The old Arab quarter of the city of Granada in Spain is called the Albaicin (or Albayzin) and is a romantic hillside district with narrow winding streets and medieval Moorish structures.  The area is very steep and when we were there it seemed somewhat deserted - probably only because it was high noon on a very hot summer day.

We enjoyed roaming the quiet sector with its expansive views of the Alhambra, but then came upon something disconcerting - banners hung from balconies and posted leaflets clearly expressing unrest and discontent:

We found an explanation in English.

According to the SOS Albaicin website, the residents are protesting measures by the mayor that suppress public transportation to the area and redirect traffic circulation on the main thoroughfare. Their interest is in preserving the historic quarter.

Thursday, January 30, 2014

Frustration With Avios Points

I like to keep the blog posts positive, but I have, on occasion, ranted about things. Well, really only about booking airline tickets. So as my frustration with British Airlines rises, I feel compelled to share. WHAT THE *#!@%!!?? Are they living in the 21st century? Their website is ridiculous: recursive loops, frequent errors, and no capability to book open jaw flights with frequent flier miles. That means you have to call their customer service number to accomplish this and that is a frightening prospect given the many, many tweets, blogs, and online comments about how rude and unfriendly their sales agents are. Deciding to risk it, I called the number. Yesterday I was on hold for 53 minutes before deciding to hang up. But today, after a 48 minute hold, I reached a sales agent.

Surprise! He was quite friendly. Judging by his accent I had obviously reached the UK-based call center. But he was less than helpful as he transferred me to an Executive Club agent since I wanted to book with Avios points, and the EC agent said she had no idea why because she couldn't help me. So I was transferred back to a different sales agent and he happened to be cheerful and generous. He searched endlessly for a flight that would work for us, waived my phone booking service fees, and explained that British Airways's reputation for rude telephone agents arose after the Jacksonville, Florida, call center employees were told they were out of a job because the center was closing. (It is now closed.)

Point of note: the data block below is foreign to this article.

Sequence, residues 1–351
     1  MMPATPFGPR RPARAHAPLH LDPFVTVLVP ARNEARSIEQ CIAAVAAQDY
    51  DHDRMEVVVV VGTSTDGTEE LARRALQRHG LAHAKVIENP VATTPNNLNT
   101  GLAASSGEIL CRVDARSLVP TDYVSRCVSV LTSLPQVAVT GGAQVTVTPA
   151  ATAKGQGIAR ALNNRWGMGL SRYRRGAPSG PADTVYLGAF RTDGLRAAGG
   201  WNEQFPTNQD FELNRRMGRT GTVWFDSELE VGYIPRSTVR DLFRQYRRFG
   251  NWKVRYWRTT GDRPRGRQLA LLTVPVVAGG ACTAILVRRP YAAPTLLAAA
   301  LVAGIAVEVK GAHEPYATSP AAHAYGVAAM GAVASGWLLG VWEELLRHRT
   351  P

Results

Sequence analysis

So did we book a flight on British Airways using our two free companion tickets and 240,000 Avios points? No.

Hubby and I were excited to sign up for the British Airways Chase Visa Signature Card when they offered a signup bonus of 100,000 airline miles, another bonus of 50,000 miles after spending $2,000 within 3 months, and a free companion ticket after spending $30,000 on the card within a calendar year. We fervently charged up the card the last two years in an effort to rack up enough airline miles (Avios points) to travel to Europe for free this summer, although I was aware of the extremely high taxes, fees, and fuel surcharges one still had to pay on British Airlines.

Did I say extremely high taxes, fees, and surcharges? I mean prohibitively high. Almost $3,000 for the four of us to fly to Germany on a complicated, circuitous route not in nor out of anywhere near our home airport. We chose to pass on that. Words from the wise (such as The Points Guy, BoardingArea, and Mommy Points) say that the best value in spending Avios points is to fly short domestic flights on British Air.

Not quite sure how we're going to get to Germany to visit the family this summer now.